Journal of Dentistry and Bio-Allied Health Sciences

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VOLUME 1 , ISSUE 1 ( January-June, 2024 ) > List of Articles

ORIGINAL RESEARCH

Self-medication Practices among Dental Students: A Descriptive Study

Aaysha Sheikh, Sahana Shivakumar

Keywords : Academic progression, Dental students, Drug use, Self-medication

Citation Information : Sheikh A, Shivakumar S. Self-medication Practices among Dental Students: A Descriptive Study. J Dent bio allied Health Sci 2024; 1 (1):21-24.

DOI: 10.5005/jdbahs-11017-0008

License: CC BY-NC 4.0

Published Online: 19-06-2024

Copyright Statement:  Copyright © 2024; The Author(s).


Abstract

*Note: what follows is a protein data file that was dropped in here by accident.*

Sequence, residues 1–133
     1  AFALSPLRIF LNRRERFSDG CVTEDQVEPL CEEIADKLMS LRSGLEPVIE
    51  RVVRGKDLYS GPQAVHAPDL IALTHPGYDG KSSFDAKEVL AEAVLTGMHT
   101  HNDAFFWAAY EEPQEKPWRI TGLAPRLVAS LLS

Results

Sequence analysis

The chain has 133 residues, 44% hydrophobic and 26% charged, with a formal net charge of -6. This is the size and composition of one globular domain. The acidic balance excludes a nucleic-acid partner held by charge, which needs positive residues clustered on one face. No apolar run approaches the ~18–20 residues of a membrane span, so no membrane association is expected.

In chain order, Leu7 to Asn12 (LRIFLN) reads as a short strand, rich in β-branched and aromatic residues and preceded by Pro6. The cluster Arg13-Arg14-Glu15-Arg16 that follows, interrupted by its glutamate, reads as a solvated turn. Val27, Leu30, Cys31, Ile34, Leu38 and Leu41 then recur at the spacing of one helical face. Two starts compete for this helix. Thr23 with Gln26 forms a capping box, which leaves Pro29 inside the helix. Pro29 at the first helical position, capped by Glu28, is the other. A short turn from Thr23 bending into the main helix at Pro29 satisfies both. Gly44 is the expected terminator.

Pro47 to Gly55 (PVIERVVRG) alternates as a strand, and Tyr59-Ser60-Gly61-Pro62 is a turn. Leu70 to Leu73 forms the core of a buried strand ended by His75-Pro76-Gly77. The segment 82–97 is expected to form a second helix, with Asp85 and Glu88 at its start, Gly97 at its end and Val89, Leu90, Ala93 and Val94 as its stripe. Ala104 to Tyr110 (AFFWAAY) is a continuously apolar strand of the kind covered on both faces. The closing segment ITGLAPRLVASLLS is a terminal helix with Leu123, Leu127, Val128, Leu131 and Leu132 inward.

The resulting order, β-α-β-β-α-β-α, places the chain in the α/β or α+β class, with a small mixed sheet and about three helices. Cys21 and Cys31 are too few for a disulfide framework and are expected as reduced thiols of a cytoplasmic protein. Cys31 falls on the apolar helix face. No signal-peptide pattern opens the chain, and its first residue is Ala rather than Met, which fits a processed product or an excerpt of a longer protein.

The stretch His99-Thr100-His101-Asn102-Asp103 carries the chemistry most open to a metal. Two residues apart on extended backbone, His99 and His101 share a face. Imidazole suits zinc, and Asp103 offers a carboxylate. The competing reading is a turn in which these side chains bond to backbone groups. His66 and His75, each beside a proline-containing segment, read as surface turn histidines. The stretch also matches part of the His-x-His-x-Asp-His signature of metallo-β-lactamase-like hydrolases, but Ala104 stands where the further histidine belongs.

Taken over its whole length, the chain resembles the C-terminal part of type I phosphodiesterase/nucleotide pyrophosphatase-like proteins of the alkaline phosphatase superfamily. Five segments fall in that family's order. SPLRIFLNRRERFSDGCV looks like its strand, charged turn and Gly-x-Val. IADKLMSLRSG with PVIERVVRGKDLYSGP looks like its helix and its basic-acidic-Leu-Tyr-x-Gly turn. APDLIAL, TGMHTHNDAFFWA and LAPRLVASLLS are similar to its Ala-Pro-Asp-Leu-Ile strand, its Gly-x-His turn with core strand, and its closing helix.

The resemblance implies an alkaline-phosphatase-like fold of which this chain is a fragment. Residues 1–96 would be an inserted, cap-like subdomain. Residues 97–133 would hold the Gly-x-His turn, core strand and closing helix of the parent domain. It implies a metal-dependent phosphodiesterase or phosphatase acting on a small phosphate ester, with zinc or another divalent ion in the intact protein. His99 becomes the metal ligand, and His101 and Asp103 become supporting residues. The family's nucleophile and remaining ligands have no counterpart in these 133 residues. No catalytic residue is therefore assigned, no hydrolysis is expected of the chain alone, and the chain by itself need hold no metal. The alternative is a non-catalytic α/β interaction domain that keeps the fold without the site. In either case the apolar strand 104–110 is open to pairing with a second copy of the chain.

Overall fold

Background: Self-medication among dental students is a growing concern due to the potential risks of incorrect drug use and adverse health outcomes. Understanding the prevalence and factors influencing self-medication within this group can guide interventions to promote safer practices. This study aimed to assess the prevalence of self-medication and identify the factors associated with this practice among dental students in Bhopal city. Materials and methods: A descriptive, cross-sectional survey was conducted among dental students enrolled at various dental colleges in Bhopal. Using stratified random sampling, students from each year of study were included to ensure representation across different levels of academic exposure. The survey collected data on demographics, self-medication practices, types of drugs used, and reasons for self-medication. Data analysis involved descriptive statistics and inferential statistics to explore associations between study years and self-medication practices. Results: The survey included 200 dental students, with a balanced representation across academic years. The prevalence of self-medication was found to be 70%, with the most common reasons being minor illness management, availability of prior knowledge, and accessibility issues. Higher prevalence rates were observed among senior students, indicating a trend where self-medication practices increased with academic progression. A significant association was found between the year of study and self-medication practices [χ2 (3, N = 200) = 10.24, p < 0.05]. Conclusion: Self-medication is highly prevalent among dental students in Bhopal, influenced by academic progression and accessibility to medication. The findings highlight the need for educational programs to address the risks associated with self-medication and promote safer drug use practices among students.


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